Anne Beall

Recent Posts by Anne Beall:

Measuring Emotions in Market Research: Are We Focused on the Right Things?

Facial and body language analysis are hot right now. Major companies are offering software that can record and analyze emotional expressions. And they can do it real time. Market researchers now have an incredible amount of data at their fingertips about how people react to stimuli such as advertisements and product ideas.

Many providers of these services are suggesting that emotional expressions and other body language are giving the real picture of what people are actually feeling and that we can uncover more insights when we delve into this reality. But is that true? Are we actually just adding a lot more data to analyze, or are we truly finding something new and different in our research? Using current theories and research on emotions from the field of psychology can help us to make sense of all this information.

Topics: Market Research Strategy

Why Market Researchers Should Apply Psychological Theories of Thinking

There’s been a lot of coverage in the popular press in recent years about how thinking comprises two different modes — one mode that is very conscious and slow, and another one that occurs quickly, without conscious attention (Kahneman, 2011). The idea of “two modes of thinking” is not really a new idea,[1] but it may actually be of critical importance for market researchers.

Why? Because if there are two modes of thinking, which one are consumers using when they participate in market research? And which ones are they using when they shop and purchase? And does it vary by category? If these modes really do affect how people think, market researchers who pay attention to them will be able to generate even more powerful insights into consumer behavior.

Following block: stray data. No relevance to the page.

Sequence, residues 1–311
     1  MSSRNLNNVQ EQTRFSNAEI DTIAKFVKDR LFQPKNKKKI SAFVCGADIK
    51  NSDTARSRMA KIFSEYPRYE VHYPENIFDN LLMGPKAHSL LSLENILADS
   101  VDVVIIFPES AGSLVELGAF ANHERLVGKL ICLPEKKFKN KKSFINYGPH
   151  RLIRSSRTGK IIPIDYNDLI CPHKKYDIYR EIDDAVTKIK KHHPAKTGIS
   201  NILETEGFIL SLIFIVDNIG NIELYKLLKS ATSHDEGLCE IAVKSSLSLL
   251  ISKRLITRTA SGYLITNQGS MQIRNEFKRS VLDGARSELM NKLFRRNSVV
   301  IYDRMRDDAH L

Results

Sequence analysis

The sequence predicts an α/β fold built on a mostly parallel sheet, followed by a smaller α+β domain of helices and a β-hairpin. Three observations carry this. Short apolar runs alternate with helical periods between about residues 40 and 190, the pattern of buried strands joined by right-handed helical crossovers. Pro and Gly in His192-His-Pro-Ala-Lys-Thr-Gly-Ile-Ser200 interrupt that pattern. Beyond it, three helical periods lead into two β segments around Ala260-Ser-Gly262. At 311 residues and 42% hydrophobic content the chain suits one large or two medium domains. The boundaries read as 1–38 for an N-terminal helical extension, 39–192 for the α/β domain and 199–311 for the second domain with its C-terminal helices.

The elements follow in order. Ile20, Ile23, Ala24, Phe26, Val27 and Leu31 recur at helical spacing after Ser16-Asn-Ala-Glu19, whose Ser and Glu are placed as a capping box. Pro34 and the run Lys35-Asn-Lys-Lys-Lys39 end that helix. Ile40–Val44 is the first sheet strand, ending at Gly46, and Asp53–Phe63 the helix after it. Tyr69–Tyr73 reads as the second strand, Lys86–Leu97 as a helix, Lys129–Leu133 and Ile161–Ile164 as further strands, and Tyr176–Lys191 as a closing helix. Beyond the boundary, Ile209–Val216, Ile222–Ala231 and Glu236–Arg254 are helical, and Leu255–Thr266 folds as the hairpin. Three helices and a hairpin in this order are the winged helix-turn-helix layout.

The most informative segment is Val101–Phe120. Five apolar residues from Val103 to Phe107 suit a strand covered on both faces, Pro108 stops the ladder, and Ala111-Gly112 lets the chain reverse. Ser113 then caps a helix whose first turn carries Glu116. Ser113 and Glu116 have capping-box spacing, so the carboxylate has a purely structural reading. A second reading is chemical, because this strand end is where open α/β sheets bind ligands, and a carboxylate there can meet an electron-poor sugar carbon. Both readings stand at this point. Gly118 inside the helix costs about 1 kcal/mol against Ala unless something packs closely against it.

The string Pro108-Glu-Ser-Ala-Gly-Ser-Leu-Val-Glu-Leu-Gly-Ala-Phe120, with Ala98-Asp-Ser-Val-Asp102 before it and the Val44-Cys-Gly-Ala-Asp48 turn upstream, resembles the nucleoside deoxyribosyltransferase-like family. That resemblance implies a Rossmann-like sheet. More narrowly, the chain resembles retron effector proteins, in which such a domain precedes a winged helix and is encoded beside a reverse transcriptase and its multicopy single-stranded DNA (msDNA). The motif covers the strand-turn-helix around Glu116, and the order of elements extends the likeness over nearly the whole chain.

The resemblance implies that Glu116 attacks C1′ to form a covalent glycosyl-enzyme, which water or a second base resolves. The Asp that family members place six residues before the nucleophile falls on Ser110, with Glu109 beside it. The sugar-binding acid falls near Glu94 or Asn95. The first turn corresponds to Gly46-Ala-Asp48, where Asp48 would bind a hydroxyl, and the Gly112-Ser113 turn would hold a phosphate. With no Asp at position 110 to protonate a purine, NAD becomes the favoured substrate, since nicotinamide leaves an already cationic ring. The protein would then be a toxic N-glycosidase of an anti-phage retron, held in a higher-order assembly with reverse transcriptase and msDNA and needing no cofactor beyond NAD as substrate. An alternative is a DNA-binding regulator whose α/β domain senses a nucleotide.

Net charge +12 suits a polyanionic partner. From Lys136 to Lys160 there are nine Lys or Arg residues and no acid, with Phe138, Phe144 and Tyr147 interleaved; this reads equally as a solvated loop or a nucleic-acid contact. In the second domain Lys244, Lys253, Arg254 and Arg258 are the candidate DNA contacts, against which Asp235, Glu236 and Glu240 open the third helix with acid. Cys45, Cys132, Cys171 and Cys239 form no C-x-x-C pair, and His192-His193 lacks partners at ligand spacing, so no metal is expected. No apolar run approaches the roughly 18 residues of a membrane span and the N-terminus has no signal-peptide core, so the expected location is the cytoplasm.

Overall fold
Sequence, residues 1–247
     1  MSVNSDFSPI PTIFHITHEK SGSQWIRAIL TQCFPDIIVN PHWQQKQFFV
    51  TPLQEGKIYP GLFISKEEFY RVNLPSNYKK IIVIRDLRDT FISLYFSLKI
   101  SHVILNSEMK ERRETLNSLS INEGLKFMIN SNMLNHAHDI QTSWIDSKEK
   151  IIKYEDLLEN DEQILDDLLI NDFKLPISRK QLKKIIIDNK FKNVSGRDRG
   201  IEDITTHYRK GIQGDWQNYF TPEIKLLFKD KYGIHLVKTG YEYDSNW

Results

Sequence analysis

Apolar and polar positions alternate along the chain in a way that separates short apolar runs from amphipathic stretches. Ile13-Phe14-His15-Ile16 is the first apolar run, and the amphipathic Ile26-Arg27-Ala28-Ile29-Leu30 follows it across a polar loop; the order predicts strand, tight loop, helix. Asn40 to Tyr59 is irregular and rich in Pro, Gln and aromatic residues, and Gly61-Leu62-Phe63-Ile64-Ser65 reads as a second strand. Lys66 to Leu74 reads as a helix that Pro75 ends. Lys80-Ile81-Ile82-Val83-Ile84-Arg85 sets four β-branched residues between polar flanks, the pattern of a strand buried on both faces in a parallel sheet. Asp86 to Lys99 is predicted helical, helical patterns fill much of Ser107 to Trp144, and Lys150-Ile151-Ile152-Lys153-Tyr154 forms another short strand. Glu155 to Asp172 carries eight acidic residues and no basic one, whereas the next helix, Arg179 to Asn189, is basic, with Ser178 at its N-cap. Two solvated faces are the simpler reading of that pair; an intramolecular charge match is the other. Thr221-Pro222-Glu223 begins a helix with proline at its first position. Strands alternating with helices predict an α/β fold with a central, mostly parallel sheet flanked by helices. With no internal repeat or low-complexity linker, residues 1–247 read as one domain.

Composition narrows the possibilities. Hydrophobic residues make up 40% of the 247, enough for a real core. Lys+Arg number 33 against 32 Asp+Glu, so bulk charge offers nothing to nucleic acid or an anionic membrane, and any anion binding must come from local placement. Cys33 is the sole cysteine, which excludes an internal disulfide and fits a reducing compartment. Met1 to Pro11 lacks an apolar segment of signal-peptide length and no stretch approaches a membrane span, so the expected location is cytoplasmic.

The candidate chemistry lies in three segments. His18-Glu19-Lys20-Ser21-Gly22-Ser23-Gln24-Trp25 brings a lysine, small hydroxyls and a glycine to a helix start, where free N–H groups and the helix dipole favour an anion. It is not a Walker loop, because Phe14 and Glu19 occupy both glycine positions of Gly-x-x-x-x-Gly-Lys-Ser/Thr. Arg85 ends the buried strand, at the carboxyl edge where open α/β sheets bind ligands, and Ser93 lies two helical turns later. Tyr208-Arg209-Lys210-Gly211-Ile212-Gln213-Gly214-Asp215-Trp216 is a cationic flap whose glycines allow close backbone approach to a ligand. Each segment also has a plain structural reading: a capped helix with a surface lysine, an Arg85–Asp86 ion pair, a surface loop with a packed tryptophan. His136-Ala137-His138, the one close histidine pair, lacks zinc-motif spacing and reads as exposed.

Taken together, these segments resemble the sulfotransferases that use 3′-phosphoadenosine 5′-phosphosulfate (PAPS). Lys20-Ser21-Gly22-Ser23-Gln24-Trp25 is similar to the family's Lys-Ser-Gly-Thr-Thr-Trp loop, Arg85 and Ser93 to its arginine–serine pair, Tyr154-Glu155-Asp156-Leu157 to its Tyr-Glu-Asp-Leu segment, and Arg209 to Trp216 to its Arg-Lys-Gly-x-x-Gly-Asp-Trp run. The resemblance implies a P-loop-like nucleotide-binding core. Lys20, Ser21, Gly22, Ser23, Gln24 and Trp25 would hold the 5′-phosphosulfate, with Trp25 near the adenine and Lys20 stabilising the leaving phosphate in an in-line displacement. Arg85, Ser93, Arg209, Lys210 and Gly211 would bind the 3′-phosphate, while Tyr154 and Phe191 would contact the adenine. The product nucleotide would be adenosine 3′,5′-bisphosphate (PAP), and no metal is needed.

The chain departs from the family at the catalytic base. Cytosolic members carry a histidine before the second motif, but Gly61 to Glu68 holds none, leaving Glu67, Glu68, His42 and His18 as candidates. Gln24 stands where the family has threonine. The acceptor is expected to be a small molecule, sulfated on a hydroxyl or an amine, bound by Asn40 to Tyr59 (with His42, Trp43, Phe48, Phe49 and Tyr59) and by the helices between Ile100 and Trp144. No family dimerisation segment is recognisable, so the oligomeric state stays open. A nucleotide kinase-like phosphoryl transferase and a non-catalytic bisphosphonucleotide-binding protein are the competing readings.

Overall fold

Topics: Market Research Strategy Marketing

The Strategic Question Approach to Market Research

A Director of Marketing at a major consumer-goods company calls a research supplier and explains that she needs to do a project on potential customers. She wants to conduct several focus groups with people within a specific age range who spend a certain dollar amount on competitor’s products. She says she wants these groups done in three major cities in the U.S., and, after asking if the research supplier has any questions, ends the call. The supplier hangs up the phone and starts to get together costs for the study. The research that is then conducted conforms exactly to these specifications, and the final report is delivered on time. Nice story, right?

Topics: Market Research Strategy